U.S. Investigations Services, which conducts background checks for the Department of Homeland Security and other agencies, says it has identified a cyber-attack on its corporate network; agencies have suspended use of the firm's services.
Expect every new warning of cybercrime attacks, online espionage or the malware du jour to be slickly marketed, with the announcements carefully timed. But is this bad for either the information security community or attackers' victims?
That Russian hackers may be hording 1.2 billion credentials merely reflects the insecurity of the world we live in today, says David Perry, threat strategist at the Finnish IT security company F-Secure.
The hacker community can be a cynical crowd, or perhaps a realistic one, that tries to make the best of the threats confronting society. CISO Dan Geer, for example, prefers to hire security folks who are, more than anything else, sadder but wiser.
A report that a Russian hacker group dubbed "CyberVor" is hoarding more than 1 billion stolen passwords triggered worldwide concern, but security experts caution that scant details have been revealed, making the threat tough to judge.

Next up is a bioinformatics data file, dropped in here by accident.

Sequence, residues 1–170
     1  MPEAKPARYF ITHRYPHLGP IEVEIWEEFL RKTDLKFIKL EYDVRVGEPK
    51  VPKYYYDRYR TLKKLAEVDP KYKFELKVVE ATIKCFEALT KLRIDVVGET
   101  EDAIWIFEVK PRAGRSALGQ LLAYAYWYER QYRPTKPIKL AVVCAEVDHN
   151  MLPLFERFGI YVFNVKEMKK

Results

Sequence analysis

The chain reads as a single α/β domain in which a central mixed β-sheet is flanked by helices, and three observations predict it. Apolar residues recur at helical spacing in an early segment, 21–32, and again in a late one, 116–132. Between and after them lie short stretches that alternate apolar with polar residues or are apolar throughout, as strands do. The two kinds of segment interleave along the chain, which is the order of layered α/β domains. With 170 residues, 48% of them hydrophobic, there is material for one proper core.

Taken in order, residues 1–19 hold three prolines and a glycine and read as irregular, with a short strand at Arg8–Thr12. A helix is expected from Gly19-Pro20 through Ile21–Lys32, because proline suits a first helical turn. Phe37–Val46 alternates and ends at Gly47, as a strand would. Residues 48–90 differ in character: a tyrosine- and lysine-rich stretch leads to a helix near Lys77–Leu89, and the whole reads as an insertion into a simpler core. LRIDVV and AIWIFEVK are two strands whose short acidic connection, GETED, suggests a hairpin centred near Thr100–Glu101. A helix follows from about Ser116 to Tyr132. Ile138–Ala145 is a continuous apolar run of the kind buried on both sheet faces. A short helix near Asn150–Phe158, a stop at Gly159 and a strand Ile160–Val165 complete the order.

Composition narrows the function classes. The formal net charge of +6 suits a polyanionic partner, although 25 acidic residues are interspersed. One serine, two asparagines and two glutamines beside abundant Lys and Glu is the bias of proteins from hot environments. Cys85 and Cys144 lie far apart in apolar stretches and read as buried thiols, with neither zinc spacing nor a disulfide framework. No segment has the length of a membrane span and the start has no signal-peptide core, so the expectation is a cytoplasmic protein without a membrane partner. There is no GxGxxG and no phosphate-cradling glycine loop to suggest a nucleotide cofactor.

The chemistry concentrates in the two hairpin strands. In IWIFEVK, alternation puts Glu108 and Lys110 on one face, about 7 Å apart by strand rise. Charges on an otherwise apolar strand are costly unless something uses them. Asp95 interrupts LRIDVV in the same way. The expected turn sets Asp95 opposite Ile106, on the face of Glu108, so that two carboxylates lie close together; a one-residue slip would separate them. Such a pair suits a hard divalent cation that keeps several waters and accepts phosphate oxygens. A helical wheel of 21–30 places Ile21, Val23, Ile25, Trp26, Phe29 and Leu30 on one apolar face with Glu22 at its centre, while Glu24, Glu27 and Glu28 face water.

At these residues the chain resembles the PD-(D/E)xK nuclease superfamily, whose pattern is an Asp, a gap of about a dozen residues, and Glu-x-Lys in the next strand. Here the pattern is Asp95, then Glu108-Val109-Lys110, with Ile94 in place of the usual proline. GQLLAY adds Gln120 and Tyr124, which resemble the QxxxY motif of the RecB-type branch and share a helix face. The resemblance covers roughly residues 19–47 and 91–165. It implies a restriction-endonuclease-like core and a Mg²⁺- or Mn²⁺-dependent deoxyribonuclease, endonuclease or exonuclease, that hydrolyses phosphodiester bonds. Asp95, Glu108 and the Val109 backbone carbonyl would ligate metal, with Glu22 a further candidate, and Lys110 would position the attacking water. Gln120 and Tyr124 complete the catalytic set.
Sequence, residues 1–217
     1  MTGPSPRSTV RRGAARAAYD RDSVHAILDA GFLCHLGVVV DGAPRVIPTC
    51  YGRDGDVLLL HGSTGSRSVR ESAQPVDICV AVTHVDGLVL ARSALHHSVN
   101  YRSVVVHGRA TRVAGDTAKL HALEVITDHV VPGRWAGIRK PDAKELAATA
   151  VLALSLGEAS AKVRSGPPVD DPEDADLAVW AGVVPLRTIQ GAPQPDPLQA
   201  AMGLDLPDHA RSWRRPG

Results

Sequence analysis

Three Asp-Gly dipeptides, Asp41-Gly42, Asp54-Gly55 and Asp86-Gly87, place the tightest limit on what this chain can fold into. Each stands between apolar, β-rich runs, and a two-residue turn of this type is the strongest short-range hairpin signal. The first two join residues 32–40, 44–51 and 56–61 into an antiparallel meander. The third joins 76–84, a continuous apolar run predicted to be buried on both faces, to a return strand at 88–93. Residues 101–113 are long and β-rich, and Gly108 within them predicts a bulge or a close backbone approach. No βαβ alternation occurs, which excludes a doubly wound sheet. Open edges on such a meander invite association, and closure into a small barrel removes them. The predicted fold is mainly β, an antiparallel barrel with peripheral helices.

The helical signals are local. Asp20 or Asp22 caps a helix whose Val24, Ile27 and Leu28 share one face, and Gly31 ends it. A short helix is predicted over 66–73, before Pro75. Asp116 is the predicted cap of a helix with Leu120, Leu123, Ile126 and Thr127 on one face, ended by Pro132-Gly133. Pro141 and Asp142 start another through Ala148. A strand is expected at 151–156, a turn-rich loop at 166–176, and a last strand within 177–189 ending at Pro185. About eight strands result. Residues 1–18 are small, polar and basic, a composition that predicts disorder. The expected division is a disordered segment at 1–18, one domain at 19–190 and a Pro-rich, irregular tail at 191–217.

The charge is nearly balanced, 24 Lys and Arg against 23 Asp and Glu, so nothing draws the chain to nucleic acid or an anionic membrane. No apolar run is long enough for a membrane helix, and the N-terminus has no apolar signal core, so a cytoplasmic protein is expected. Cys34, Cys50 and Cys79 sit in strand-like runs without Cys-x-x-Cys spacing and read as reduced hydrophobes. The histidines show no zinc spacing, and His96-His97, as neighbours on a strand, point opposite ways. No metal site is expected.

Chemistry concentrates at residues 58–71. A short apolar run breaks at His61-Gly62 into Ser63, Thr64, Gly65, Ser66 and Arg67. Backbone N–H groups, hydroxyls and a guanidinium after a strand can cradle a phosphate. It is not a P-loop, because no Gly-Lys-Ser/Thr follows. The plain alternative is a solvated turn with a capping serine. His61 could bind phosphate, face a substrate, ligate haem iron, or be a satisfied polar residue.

Today's sophisticated attackers use ever-stealthier malware and zero-day exploits to evade traditional security defenses, making organizations increasingly vulnerable to advanced persistent threats (APTs). These APTs seek to exfiltrate critical data over the long term.
A Russian cyber gang has breached over 420,000 web and FTP sites to pilfer over 1.2 billion credentials, according to Hold Security, saying it discovered "what could be arguably the largest data breach known to date."
Target Corp.'s net breach expenses not covered by insurance are expected to total $146 million for its most recent three quarters following the company's massive December 2013 data breach that compromised payment card information.